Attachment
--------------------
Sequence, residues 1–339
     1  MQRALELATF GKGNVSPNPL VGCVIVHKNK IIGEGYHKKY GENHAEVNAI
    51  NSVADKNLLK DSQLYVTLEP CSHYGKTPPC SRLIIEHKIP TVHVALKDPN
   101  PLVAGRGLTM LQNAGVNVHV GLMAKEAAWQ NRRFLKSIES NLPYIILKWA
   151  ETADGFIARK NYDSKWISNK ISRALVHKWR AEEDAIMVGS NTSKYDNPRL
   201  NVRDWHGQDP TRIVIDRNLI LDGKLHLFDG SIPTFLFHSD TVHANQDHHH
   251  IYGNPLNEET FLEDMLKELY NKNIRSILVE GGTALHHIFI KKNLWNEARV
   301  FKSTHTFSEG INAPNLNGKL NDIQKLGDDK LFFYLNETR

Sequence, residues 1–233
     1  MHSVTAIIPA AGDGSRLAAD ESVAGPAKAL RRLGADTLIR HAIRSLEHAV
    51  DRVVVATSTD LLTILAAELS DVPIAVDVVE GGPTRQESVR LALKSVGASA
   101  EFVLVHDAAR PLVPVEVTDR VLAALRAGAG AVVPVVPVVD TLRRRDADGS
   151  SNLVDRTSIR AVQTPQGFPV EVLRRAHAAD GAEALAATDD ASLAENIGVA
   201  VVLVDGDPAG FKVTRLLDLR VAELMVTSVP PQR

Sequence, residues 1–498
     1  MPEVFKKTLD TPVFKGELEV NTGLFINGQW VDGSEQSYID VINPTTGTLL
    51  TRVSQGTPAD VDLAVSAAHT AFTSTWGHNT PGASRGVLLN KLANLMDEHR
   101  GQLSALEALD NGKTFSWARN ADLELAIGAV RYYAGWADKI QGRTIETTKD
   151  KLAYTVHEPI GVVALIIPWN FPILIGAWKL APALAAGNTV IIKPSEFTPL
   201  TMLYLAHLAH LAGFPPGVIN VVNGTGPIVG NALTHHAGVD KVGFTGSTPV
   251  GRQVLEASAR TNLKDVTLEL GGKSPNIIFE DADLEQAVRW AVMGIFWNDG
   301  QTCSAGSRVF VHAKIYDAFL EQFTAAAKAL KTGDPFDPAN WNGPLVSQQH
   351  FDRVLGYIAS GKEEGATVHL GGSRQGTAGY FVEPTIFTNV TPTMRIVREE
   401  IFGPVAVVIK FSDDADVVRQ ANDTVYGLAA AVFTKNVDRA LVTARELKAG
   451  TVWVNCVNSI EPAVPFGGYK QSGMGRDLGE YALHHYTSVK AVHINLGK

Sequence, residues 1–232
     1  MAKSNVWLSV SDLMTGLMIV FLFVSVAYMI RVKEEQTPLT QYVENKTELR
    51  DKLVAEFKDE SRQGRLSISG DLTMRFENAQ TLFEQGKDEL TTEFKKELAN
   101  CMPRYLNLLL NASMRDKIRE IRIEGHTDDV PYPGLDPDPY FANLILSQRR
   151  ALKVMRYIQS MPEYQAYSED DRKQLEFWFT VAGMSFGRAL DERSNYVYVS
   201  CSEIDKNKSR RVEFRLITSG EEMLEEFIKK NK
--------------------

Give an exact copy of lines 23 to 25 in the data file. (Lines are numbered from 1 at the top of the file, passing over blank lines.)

   351  FDRVLGYIAS GKEEGATVHL GGSRQGTAGY FVEPTIFTNV TPTMRIVREE
   401  IFGPVAVVIK FSDDADVVRQ ANDTVYGLAA AVFTKNVDRA LVTARELKAG
   451  TVWVNCVNSI EPAVPFGGYK QSGMGRDLGE YALHHYTSVK AVHINLGK